Time things right
That is, time your applications right. Apply before a major life change (maternity leave, new job, career break), after a period of financial stability, and don’t make multiple applications for credit in the few months before you apply for a mortgage as these will leave footprints on your file.
If in doubt about your credit report and score and how it will affect your mortgage, talk to your First Mortgage advisor. If you want further advice or information then check out the sites below:
Money Advice Service
Money Saving Expert
Getting help to buy
If you want to move but are unable to raise enough money to do so, there are government or home-builder schemes to help you move up the property ladder. Ask your First Mortgage advisor about what schemes you are eligible for. Here’s a summary of the most common ones:
|Country||Name of scheme||How it works||Any restrictions?||Maximum value of property||Who is eligible?||Further Info…|
|England||Government Help to Buy
|You borrow money from the Government to help you buy a newly built home.
– You pay in at least 5% of the property price.
|When you sell the property, you pay back the loan plus a share of any increase in value.
In London the upper loan limit is 40% to reflect current property prices.
|£600,000||First-time buyers and existing homeowners.||Help to Buy
|Northern Ireland||Co-ownership||Co-ownership is a large housing association in Northern Ireland. They allow you to buy a share of your home – between 50% and 90% – and pay them rent on the rest. As time goes by and you can afford to buy more, you can increase your share of the property.||You must purchase at least 50% of your property and it must be where you live, rather than an investment property.||£175,000||Buyers over 18 who could not afford to buy without the co-ownership initiative.||More info|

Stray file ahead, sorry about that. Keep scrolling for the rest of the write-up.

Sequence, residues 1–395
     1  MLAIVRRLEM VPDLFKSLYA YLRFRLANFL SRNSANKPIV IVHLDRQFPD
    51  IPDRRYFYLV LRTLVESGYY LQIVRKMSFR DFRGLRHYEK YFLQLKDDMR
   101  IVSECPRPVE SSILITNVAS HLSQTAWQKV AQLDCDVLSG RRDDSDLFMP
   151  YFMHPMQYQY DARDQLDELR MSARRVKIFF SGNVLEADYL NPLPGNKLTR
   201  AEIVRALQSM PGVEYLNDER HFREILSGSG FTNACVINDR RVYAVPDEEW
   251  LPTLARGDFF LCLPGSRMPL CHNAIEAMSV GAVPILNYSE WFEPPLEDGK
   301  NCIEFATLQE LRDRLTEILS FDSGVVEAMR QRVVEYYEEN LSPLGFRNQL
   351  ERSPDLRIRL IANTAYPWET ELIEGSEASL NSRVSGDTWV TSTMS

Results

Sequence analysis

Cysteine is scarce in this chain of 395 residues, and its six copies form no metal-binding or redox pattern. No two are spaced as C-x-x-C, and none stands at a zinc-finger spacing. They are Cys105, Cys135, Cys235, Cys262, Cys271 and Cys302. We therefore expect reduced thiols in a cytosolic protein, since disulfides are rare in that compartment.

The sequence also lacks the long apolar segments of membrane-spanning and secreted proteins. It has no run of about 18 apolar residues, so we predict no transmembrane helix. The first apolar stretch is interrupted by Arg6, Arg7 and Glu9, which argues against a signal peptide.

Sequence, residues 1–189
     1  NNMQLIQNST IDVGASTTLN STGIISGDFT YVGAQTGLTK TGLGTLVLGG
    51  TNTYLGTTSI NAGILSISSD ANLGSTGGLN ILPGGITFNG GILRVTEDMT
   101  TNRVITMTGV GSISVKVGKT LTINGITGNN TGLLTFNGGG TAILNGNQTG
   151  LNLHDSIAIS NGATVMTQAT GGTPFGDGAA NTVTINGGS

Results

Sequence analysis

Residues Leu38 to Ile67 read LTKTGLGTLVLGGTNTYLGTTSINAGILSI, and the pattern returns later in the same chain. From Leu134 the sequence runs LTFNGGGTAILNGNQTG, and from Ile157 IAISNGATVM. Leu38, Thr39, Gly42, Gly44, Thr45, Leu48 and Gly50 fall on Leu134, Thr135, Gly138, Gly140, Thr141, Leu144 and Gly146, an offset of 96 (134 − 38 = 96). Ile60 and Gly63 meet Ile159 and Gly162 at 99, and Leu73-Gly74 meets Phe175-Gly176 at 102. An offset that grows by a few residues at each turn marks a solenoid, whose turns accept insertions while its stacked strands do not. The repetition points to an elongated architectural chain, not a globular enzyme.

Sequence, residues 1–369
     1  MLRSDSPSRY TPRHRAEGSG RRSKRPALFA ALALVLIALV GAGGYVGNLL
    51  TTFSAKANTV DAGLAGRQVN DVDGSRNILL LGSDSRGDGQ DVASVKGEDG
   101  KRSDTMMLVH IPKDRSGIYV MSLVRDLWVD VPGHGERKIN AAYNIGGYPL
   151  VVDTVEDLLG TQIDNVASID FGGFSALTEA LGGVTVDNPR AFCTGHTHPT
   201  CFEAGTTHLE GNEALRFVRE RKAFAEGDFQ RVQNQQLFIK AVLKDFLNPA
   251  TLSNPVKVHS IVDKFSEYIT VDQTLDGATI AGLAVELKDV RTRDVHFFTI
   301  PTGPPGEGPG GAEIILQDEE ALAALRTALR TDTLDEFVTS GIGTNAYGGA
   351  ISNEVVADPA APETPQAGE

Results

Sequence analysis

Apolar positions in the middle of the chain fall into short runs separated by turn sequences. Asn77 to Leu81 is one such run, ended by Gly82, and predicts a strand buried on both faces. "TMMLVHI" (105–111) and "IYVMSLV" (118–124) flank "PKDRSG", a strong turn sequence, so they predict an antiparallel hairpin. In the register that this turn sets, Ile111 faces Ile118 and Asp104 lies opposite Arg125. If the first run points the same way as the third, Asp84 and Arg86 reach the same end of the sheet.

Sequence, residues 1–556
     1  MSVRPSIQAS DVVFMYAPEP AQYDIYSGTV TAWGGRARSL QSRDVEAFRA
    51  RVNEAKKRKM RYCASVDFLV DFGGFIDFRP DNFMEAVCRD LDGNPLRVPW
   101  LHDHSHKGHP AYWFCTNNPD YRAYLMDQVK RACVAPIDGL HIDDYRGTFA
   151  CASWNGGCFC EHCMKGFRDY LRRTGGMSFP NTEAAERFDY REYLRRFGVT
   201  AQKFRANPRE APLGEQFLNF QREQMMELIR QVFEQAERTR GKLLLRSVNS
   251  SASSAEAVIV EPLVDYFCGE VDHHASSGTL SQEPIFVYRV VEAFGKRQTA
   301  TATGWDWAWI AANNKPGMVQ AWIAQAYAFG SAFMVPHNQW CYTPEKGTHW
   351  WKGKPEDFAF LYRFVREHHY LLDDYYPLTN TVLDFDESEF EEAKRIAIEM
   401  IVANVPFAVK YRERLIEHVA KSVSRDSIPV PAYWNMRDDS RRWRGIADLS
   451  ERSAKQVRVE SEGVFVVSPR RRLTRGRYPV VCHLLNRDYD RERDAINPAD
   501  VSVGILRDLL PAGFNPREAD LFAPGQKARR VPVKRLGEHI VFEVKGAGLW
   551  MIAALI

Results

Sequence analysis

|Wales||Help to Buy – Wales||Shared equity loans allowing you to buy new build properties||You need to contribute at least 5% towards the cost. The Welsh Government give you a shared equity loan of up to 20% and the rest is from a mortgage lender.||£300,000||First time buyers and movers wishing to purchase new-build homes||More info|
|Scotland||The Affordable New Build scheme
and the Smaller Developers New Build scheme
|– the main Help to Buy (Scotland) Affordable New Build Scheme is available to larger homebuilders while the Help to Buy (Scotland) Smaller Developers New Build Scheme is available to smaller house builders.
– the agent administering the scheme will identify which one your application can be processed under.
|The Scottish Government will help you buy a property by taking an equity stake of up to 15% – you need a mortgage for at least 85%.||£230,000 completing on or before 31 March 2017, £200,000 for purchases up to 31 March 2018 and 175,000 for purchases on or before 31 March 2019.||Available to purchasers unable to afford a property without the Government purchasing a stake in the property.||More info|